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Oxford University's measures to help disadvantaged students don't go nearly far enough

Georgina Lawton

The University of Oxford has become the latest higher education institute to attempt to remedy its eltisit reputation, by announcing plans to provide places to talented school-leavers from disadvantaged backgrounds who lack the required grades.

It is promising that by 2023, one in four undergraduates will be from the UK’s most underrepresented backgrounds, with the University implementing this drastic change via two new access schemes: Opportunity Oxford and Foundation Oxford. These include initiatives such as a free year of study for financially-challenged students, and a residential study programme for school-leavers who require additional support.

Oxford follows in the footsteps of Cambridge University, which, for the first time this summer, is participating in the UCAS system of “adjustment" which allows students who have achieved higher grades than expected on results day, to be reconsidered by other institutions. And Warwick University also announced plans this month, to spend £10m on a program called Warwick Scholars, which is aimed at recruiting underprivileged talent from within a 30-mile radius of its campus.

But these moves are nothing short of overdue. Universities have long resisted attempts at reform and modernisation, whilst simultaneously positioning themselves as change-makers at the forefront of societal progress.

With astronomical tuition fees, declining applicants, and mounting calls from students to decolonise their curriculum by including texts and teaching beyond the white and western intellectual tradition, perhaps institutions are finally realising that staying relevant – and full – means attracting a diverse range of talent, and shedding their antiquated reputations.

There’s a whole host of evidence to suggest that higher education institutions really do perpetuate privilege and discrimination.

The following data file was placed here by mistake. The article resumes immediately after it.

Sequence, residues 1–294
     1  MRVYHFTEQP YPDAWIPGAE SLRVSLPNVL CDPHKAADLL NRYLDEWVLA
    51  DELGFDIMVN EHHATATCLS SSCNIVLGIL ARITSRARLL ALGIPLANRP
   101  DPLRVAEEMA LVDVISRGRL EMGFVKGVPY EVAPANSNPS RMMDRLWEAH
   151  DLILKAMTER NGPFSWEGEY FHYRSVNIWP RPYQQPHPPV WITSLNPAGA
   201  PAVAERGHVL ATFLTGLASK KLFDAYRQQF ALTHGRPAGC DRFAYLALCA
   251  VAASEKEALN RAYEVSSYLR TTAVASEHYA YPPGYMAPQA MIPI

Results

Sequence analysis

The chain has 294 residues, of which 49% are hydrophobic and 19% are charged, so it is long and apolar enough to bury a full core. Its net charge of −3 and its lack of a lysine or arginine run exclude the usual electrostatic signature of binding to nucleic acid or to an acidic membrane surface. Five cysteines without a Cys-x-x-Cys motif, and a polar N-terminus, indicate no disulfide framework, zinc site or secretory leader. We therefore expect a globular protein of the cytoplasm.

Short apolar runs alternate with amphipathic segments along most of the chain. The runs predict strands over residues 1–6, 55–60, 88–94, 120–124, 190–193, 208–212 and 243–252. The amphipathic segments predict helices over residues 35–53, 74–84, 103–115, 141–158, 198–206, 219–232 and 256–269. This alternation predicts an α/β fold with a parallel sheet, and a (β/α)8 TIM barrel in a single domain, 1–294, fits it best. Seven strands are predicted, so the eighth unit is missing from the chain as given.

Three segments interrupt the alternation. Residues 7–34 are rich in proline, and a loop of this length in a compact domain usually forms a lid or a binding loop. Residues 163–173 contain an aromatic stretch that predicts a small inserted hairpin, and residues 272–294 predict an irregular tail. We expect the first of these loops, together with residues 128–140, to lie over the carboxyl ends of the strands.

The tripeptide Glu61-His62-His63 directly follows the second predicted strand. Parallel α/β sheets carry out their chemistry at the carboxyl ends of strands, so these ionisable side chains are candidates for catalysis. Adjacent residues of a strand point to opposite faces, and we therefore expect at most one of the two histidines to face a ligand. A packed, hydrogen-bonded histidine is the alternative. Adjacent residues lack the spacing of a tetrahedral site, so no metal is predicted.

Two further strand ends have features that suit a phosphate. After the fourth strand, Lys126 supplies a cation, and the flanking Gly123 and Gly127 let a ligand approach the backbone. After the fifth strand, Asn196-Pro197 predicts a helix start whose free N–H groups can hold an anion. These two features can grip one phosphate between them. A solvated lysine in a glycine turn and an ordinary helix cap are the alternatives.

A 2018 study found that black students are 1.5 times more likely to drop out of university than their white and Asian counterparts, with further research reported by this paper, showing that Oxford, Warwick and Bristol admit fewer than 3 per cent of poor white students. Durham University offers places to just 4 per cent.

Additionally, a 2016 survey of 600 black teaching professionals by the University and College Union found insidious forms of racism are common in higher-education.

Bias towards minority students exists at the very top level – when students are interviewed, and upon acceptance of an offer – lingering over them around for three years like a persistent cold.

Last year, the Sutton Trust found that Oxford and Cambridge recruit more students from eight, mainly-private schools, than almost 3,000 other UK state schools put together. So it’s maddeningly frustrating and borderline ludicris to hear that the super-privileged are concerned that these new access schemes will somehow detract opportunities away from the wealthiest, most well-connected students in the country.

And it’s just as infuriating that some believe that with the arrival of these new schemes, there’s nothing more to be done.

Anthony Wallersteiner – head of Stowe School (where day fees for boarders start at £9,128 per term), revealed that many of his parents are now worried about admission chances for private school pupils. Wallersteiner likened positive access schemes to “social engineering” and believes that the criticism of private school pupils is similar to “antisemitic abuse” – yes, you read that correctly.

But we need more radical measures from universities to reform higher education if we want to affect real change.

Name-blind applications, school-blind applications and a target-driven quota system to admit a certain proportion of disadvantaged and minority students per year, would be a start.

Cambridge’s decision to participate in “adjustment” is a step in the right direction, but it’s hardly ground-breaking: they’re offering just 100 places under the new scheme, and it’s only for students who have already gone through their interview process.

Cambridge also refuses to participate in “clearing which is the process that allows students who didn’t get in to a university to take up spare places after they receive their exam results.

Other top Universities that shun clearing include: the University of Oxford, Imperial College London, Durham University and the University of St Andrews.

The recent initiatives at Oxford, Warwick and Cambridge are a much-needed start, but if universities want to reflect the communities they serve, and retain their reputations as bastions of change, they need to continue to strive for greater inclusion. And this will ensure national standards are raised, not lowered.